Taghistorical context

45 years ago, Alaska voters approved measure removing residency requirement for presidential elections

Forty-five years ago—on August 23, 1966—Alaska voters approved a measure permitting the state legislature to shorten the residency requirement for persons living in Alaska who wished to vote only for President and Vice President of the United States. It was the first measure the state legislature referred to the ballot since Alaska received statehood in January 1959. Voters approved the amendment 75% to 25%.

According to a 1963 Senate Judiciary Committee report on proposed constitutional amendments, 35 states required residents to live in their current state for one year before becoming eligible to vote. These laws prevented people from voting—even for President—when they moved between states. The Senate even drafted a constitutional amendment to eliminate such requirements nationwide.

Here is a quote from the 1963 Senate Judiciary Committee report summarizing the issue:

“The victims of these outmoded residence requirements include many citizens who are best equipped to exercise the right of voting, such as educators, clergymen, and professional people. Interstate businesses constantly shift managers, salesmen, and other executives. The American Heritage Foundation estimates that 8 million adult American citizens were barred from the ballot box in the 1960 elections by inability to meet State, county, or precinct residence requirements. Apart from the possible effects upon election results, this produces apathy and bitterness in such people toward governments which cheat them of their democratic birthright merely because they move their residence.”

The Alaska measure removed the one-year voter residency requirement that was in the state Constitution. The following year—in 1967—the Alaska legislature eliminated those residency requirements in state law.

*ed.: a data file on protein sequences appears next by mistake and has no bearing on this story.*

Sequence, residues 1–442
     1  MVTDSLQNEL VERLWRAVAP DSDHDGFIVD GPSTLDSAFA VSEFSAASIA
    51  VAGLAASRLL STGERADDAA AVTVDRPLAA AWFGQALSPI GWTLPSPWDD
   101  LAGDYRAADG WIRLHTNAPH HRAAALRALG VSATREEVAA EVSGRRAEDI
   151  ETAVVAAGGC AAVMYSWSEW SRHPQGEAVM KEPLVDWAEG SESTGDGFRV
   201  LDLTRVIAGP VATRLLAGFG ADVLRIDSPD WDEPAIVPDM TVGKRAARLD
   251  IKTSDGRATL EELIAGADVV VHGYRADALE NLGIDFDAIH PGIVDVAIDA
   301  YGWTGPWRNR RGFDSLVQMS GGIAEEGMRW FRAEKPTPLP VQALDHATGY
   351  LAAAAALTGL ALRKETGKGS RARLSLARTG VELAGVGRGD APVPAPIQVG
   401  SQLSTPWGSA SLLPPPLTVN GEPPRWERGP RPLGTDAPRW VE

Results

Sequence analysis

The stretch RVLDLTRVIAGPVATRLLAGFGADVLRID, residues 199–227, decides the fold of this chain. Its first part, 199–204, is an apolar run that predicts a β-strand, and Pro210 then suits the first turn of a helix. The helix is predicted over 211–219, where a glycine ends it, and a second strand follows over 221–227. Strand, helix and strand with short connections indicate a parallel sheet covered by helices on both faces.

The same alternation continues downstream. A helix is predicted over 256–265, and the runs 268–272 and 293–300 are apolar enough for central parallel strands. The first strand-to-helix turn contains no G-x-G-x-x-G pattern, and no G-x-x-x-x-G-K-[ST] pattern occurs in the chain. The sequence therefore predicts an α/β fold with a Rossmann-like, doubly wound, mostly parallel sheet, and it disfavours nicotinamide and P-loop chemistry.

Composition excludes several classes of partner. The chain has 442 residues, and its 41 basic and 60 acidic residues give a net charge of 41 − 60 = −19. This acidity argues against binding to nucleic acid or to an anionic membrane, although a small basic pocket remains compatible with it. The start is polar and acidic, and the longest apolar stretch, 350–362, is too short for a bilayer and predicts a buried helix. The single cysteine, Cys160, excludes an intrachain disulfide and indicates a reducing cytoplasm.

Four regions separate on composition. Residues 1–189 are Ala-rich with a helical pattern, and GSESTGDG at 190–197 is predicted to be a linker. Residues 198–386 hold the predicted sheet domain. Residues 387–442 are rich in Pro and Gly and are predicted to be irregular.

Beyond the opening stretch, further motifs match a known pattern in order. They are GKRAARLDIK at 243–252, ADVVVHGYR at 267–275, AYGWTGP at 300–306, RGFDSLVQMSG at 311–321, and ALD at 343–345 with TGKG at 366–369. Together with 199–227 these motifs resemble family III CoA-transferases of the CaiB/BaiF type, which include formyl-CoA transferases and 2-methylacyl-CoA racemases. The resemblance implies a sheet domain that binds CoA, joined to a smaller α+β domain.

In 1970, Congress amended the Voting Rights Act and abolished state residency requirements nationwide as a precondition for voting for President and established uniform standards for absentee voting in presidential elections.

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Exploring the history of Section 230 of the Communications Decency Act of 1996

You may have heard about Section 230, but what exactly is it? Section 230 is a federal law passed as part of the Communications Decency Act of 1996 (CDA) which contains two provisions that prevent internet service providers and website companies from being held liable for most content created by users of their services, including content that could be considered false or defamatory.

At the time of the bill’s passage, household internet usage was limited but rapidly growing. Societal concerns over access to pornography and sexually explicit materials by minors accompanied the rapid growth of internet usage and became notable political issues in the 1980s and 1990s. Congress sought to address concerns over pornography through legislation, including the passage of the Communications Decency Act, which became Title V of the Telecommunications Act of 1996. Shortly after passage, the American Civil Liberties Union challenged the constitutionality of the CDA on the grounds that it violated the First Amendment and Fifth Amendment. In a unanimous decision in 1997, the U.S. Supreme Court ruled in Reno v. ACLU that the Act violated the First Amendment. The decision invalidated much of the CDA with the exception of the language of Section 230, which was not the subject of the ACLU’s legal challenge, thus Section 230 was left intact and remained federal law.

The legal and social relevance of Section 230 has grown in the 21st century as internet use has expanded, causing the provision to attract both critics and defenders. Critics have argued that the law has exempted online companies from a legal responsibility to moderate what they view as harmful content and that it has protected companies that discriminate or censor content. Supporters of Section 230 have argued that it serves to promote and protect free speech and user choice on the internet.

On May 28, 2020, President Donald Trump (R) signed Executive Order 13925: Preventing Online Censorship which included a provision asking the Secretary of Commerce and Attorney General to, acting through the National Telecommunications and Information Administration (NTIA), file a petition for rulemaking with the Federal Communications Commission (FCC) requesting that the FCC clarify certain rules for the application of Section 230. The Department of Justice, on September 23, 2020, sent a letter to Congress proposing four areas for amendments to Section 230. One month later, on October 15, the FCC Chairman announced the Commission would work on clarifying the meaning of Section 230. On May 19, 2021, President Biden (D) signed Executive Order 14029: Revocation of Certain Presidential Actions and Technical Amendment, which included a provision to revoke Executive Order 13925. In addition to these actions, multiple bills have been proposed since the beginning of 2020 in Congress to amend Section 230.

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